Thursday, February 27, 2014
Generally, we keep our pitch down to about fifteen minutes. We never read. We may go in with a sheet of bullet points or no notes at all. We explain the premise, the theme, and what about the project excites us. We introduce the characters briefly, and offer possible story suggestions for down the line. Along the way we integrate a few jokes.
The idea is to spark their interest in a way that they can actually picture the show on their network. We answer any questions and keep the dialogue going for as long as we can. The more they talk about it, usually the more interested they are.
Generally the whole process is over in a half hour and we leave. Networks tend to bunch their pilot pitch meetings together so we know they already heard three pitches this morning and two more are scheduled after us. It must get very tedious hearing all these pitches back to back. I don’t envy them.
But that’s what we do. And like I said, we’ve had a fair amount of success.
A few years ago we met with a non-writing producer who told us he had a pilot sold at Fox but needed it developed. The money was good, the timing was right, the idea was decent enough that we said we’d attach ourselves to the project.
We crafted characters and developed the pilot. Then this producer, we’ll call him Slick Sam, told us we had to pitch it to Fox. Why? They already bought it. Well, it seems they hadn't already bought it. They just liked the area. Strike one.
Okay, we’ll pitch the pilot.
Slick Sam wanted us to come in so we could rehearse and refine our pitch in front of him. We said that wasn’t necessary. We knew how to pitch. A family loved one was in the hospital at the time so I was also spending a lot of time there.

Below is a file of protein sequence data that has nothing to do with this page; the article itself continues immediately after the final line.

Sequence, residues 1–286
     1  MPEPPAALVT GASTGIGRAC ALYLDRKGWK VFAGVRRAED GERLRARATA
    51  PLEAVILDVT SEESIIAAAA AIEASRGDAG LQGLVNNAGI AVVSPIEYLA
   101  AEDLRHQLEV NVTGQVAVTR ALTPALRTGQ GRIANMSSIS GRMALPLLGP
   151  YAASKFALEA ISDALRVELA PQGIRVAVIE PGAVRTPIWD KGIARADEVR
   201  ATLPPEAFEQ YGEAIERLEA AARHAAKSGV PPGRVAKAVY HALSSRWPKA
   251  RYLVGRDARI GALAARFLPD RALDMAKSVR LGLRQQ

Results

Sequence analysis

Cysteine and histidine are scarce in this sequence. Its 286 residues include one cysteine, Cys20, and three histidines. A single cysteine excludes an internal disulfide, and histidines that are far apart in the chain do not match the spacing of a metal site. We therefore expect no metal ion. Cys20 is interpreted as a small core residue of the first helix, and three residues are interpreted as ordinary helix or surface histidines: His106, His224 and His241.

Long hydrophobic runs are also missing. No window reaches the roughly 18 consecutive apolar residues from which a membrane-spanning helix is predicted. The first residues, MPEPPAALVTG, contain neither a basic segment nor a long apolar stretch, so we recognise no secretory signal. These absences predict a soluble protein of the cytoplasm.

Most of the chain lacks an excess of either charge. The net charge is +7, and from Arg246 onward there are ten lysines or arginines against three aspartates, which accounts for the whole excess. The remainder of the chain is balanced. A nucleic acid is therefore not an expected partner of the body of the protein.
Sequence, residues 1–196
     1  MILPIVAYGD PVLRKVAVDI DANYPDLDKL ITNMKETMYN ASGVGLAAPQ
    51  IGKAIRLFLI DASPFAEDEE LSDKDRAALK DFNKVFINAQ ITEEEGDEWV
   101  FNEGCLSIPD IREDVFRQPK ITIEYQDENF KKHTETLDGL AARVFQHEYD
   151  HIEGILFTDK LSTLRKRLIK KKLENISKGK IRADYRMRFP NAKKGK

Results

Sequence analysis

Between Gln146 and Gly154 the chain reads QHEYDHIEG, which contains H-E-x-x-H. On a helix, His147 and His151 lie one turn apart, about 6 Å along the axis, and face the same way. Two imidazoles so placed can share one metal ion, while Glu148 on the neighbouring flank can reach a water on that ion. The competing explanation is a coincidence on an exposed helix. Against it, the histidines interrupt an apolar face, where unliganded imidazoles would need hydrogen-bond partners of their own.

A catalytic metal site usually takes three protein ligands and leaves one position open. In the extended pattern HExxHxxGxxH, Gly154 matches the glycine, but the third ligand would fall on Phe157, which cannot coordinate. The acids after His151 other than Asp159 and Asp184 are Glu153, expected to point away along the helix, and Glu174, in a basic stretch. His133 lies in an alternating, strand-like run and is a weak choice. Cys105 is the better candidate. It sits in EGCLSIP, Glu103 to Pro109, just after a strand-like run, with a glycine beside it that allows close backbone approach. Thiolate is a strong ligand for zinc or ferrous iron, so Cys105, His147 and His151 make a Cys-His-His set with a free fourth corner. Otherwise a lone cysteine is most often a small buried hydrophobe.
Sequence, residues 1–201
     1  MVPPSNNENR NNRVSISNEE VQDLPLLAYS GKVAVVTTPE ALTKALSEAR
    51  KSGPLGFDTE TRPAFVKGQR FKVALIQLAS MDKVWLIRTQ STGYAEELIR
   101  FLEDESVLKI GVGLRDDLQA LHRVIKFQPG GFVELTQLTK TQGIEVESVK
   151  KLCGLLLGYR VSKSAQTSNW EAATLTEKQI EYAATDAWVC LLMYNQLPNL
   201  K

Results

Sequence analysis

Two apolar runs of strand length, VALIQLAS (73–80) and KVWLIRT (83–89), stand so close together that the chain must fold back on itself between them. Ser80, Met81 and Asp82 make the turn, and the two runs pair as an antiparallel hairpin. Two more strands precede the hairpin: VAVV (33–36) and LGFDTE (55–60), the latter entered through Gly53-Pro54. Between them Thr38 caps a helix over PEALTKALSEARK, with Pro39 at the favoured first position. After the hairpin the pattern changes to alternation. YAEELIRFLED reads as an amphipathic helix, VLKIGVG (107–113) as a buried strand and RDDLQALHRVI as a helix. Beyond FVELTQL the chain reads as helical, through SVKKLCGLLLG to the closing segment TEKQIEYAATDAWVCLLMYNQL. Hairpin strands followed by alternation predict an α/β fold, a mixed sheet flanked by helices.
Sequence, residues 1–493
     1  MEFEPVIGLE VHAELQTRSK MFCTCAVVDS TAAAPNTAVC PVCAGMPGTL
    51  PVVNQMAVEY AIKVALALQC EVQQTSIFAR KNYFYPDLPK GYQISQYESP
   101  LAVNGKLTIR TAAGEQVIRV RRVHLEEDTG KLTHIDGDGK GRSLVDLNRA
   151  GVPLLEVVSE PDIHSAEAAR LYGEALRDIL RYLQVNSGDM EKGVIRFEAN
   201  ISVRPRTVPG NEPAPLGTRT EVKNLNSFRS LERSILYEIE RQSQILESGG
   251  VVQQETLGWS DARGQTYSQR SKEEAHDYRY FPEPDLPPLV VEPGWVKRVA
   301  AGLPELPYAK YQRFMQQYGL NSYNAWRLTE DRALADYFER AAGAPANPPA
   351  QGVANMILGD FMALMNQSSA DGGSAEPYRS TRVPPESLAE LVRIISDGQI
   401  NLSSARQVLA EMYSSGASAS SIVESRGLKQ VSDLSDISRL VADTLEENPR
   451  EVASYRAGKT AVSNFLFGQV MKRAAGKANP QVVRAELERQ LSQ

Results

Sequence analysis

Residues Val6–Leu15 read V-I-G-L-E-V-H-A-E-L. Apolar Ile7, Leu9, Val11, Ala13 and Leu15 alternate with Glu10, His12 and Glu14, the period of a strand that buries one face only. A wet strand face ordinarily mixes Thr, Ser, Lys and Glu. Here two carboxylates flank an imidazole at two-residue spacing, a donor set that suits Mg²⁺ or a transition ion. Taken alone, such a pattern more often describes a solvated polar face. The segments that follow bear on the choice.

A date was set for the pitch and the day before Slick Sam calls. He’s nervous. He really wants us to come in and rehearse the pitch. I say no. At the time I’m in a hospital room. He asks me to then do the pitch on the phone. I reassure him that we’ll be fine and hang up. Strike two.
The pitch was at 2:00 at Fox, right after lunch. We met with Slick Sam a few minutes before. The premise involved food. Two minutes before we were going to go upstairs for the meeting his assistant arrives with giant grease-soaked bags. Slick Sam, ever the showman, had brought food for everybody to liven up the pitch. Greasy, disgusting BBQ food.
We told him to leave all this shit outside. This was a bad idea. But he was the master showman and insisted. We troop into the Comedy VP’s office and Slick Sam’s assistant starts laying out the food. Thick gloppy ribs, congealed brisket, beans, sauce, hot links – you name it. The Fox execs were repulsed. Plus, it was right after lunch. I would bet money that office still smells of BBQ food to this day.
Needless to say, it was the worst pitch ever. They couldn’t wait for us to finish so they could clear that lethal shit out of there. The pilot didn’t sell. Strike three.
We walked out of that meaning and immediately told Slick Sam we were done. “But we have three other networks to pitch,” he pleaded. “Not with us,” we said. We were out of there like the Road Runner.
Stunts don’t sell pilots. Nor do flashy power point presentations. Ideas sell. Ideas that fall within the parameters of what they’re looking for at that moment. If you have so little confidence in your idea or your ability to pitch that you have to resort to St. Louis style ribs then you don’t belong in a network VP’s office wasting her time. Unless you’re prepared to hand out half slabs to 10 million viewers, concentrate on the idea, not the catering.
By Ken Levine at 6:00 AM